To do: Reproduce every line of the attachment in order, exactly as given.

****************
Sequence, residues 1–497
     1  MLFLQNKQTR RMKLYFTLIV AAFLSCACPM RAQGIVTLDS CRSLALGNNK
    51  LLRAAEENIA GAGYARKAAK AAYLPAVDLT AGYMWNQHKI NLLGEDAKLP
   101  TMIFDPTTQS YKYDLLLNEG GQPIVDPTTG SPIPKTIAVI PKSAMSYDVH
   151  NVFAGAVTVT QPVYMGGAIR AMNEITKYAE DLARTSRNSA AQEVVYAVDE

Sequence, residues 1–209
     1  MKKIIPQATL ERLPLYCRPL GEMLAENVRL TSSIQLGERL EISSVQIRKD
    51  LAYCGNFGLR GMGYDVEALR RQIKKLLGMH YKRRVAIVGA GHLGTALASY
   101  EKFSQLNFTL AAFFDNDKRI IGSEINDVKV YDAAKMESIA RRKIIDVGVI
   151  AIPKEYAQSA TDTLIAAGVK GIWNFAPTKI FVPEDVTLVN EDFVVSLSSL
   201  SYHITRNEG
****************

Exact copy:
Sequence, residues 1–497
     1  MLFLQNKQTR RMKLYFTLIV AAFLSCACPM RAQGIVTLDS CRSLALGNNK
    51  LLRAAEENIA GAGYARKAAK AAYLPAVDLT AGYMWNQHKI NLLGEDAKLP
   101  TMIFDPTTQS YKYDLLLNEG GQPIVDPTTG SPIPKTIAVI PKSAMSYDVH
   151  NVFAGAVTVT QPVYMGGAIR AMNEITKYAE DLARTSRNSA AQEVVYAVDE

Sequence, residues 1–209
     1  MKKIIPQATL ERLPLYCRPL GEMLAENVRL TSSIQLGERL EISSVQIRKD
    51  LAYCGNFGLR GMGYDVEALR RQIKKLLGMH YKRRVAIVGA GHLGTALASY
   101  EKFSQLNFTL AAFFDNDKRI IGSEINDVKV YDAAKMESIA RRKIIDVGVI
   151  AIPKEYAQSA TDTLIAAGVK GIWNFAPTKI FVPEDVTLVN EDFVVSLSSL
   201  SYHITRNEG